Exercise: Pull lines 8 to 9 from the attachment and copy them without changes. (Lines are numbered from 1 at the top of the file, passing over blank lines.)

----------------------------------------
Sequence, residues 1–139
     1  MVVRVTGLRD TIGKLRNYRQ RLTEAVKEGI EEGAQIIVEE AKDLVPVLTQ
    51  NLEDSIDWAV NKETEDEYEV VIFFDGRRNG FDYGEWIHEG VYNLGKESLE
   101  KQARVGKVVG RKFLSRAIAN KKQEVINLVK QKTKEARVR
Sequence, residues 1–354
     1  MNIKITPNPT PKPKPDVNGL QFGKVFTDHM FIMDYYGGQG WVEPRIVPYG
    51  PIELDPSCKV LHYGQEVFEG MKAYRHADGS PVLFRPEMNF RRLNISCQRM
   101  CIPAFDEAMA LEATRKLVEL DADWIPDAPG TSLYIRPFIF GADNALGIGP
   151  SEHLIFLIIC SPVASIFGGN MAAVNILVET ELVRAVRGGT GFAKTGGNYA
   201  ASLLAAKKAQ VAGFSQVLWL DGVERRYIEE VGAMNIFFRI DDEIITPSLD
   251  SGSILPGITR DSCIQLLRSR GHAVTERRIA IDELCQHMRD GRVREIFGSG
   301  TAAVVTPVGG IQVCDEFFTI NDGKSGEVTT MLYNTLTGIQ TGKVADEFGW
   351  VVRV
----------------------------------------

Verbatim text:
   101  CIPAFDEAMA LEATRKLVEL DADWIPDAPG TSLYIRPFIF GADNALGIGP
   151  SEHLIFLIIC SPVASIFGGN MAAVNILVET ELVRAVRGGT GFAKTGGNYA